Updated at 2021-03-02 06:57

Principal is who or what that is being authenticated.

Communication protocol and authentication mechanism are different things. HTTPS encrypts everything except domain, subdomain and originating IP. But placing sensitive things in address or query strings is still bad because of logging. You should always use HTTPS when communicating over a public network. You can be a bit less strict when communicating non-sensitive data over a private network.

API authentication is usually handled with a SSO solution over HTTPS. Frequently something SAML or OpenID Connect (OAuth 2) based. In these, service redirects you to identity provider, you authenticate and the identity provider lets service provider know. In enterprises, identity provider is usually linked to a directory service like LDAP or AD that contain principal roles. If you can choose OpenID Connect is better than SAML, as it's simpler.

Other authentication schemes:

  • Bearer Authentication (also called token authentication) is an HTTP authentication scheme that involves security tokens called bearer tokens. Also use only over HTTPS be it a private or public network.
  • API Keys are widely used in the industry and became some sort of standard because of their simplicity, however, this method should not be considered a good security measure. API keys over HTTPS are easy, but you don't have a single standard way of doing it securely. Typically needs a separate service to manage and rotate the keys.
  • HTTP Basic Authentication is rarely recommended due to its inherent security vulnerabilities. More or less OK if the network is secure and private. Basic over HTTPS is fine enough, but not over HTTP!

Use headers for any sensitive information. Please do not put any API keys or sensitive information in query string parameters as they get recorded in routing logs! A better option is to put the API key in the Authorization header.

Private network is sometimes good enough. If not handling highly sensitive data, trusting local network sources might be enough, but note that it won't help anything if somebody gains network access. Be vary of MitM attacks, so just understand the risks.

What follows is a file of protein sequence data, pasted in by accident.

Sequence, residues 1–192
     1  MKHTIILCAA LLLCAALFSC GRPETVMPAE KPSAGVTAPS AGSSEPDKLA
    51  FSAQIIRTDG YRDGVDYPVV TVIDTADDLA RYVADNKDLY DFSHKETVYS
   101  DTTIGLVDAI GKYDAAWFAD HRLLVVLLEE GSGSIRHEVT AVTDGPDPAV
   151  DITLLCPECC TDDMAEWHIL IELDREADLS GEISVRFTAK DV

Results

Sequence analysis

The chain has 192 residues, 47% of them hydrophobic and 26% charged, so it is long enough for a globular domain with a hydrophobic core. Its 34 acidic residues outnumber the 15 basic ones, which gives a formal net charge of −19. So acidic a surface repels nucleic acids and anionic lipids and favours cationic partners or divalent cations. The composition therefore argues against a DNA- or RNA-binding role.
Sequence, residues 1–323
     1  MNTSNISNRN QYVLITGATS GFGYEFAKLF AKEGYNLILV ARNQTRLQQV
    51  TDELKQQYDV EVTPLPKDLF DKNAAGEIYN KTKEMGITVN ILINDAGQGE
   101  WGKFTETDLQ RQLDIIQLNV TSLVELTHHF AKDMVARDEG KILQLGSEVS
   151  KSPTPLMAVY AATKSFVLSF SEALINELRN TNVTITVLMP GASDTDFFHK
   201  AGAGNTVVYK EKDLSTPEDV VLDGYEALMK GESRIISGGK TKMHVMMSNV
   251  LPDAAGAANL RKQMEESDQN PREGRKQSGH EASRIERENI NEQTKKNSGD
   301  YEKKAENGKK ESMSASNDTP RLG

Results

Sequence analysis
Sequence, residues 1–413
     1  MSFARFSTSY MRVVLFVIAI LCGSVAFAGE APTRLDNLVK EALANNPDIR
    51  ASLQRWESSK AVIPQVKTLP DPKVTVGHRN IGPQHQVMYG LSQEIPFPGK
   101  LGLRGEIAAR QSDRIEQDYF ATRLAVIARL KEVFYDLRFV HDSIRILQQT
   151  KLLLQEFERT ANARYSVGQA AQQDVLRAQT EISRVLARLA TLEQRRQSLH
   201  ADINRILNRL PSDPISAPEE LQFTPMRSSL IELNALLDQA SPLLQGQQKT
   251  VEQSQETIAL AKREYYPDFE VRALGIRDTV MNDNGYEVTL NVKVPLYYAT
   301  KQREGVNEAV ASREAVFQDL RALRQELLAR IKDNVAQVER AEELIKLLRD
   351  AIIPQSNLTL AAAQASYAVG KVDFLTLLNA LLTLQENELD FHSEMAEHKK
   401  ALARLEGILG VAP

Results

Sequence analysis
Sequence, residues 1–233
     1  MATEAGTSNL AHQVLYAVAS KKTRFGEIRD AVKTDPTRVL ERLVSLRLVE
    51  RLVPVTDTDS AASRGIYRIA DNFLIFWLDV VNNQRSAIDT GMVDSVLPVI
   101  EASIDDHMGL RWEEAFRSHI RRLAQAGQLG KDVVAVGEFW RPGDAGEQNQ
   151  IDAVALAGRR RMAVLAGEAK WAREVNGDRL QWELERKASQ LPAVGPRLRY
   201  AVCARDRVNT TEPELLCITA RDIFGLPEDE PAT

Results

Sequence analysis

Service-to-Service API Authentication has a bit more possibilities:

  • Client Certificates (X.509) are more secure, but certificate management is more tedious. Like trying to figure why seemingly valid certificate fails. Use only if communicating over untrusty network.
  • HMAC over HTTP is where the request body and private key are hashed and sent along the request for validation. You can cache traffic, hard to MitM but easier to listen. Look at JWT.

Understand Confused Deputy Problem. This is the case where a service doing calls for malicious entity that shouldn't get those done. This is more prevalent when using a lot of microservices.

You could introduce a SSO gateway to make thing easier if you have a lot APIs. Avoids having SSO handshake logic on each endpoint. Maybe use a signed JWT with username, roles and URL to refresh? Or SAML-based Shibboleth.

Load balancer with SSL termination is fine enough for less sensitive data. Keep the network sealed after that and remember that the communication can be listened if somebody gets access.

Network segmentation is usually a good addition. Using different networks and subnets for different sets of services.

Encrypting data at rest is a good addition. Encrypting data at rest with AES-256 with the tools and libraries for your platform.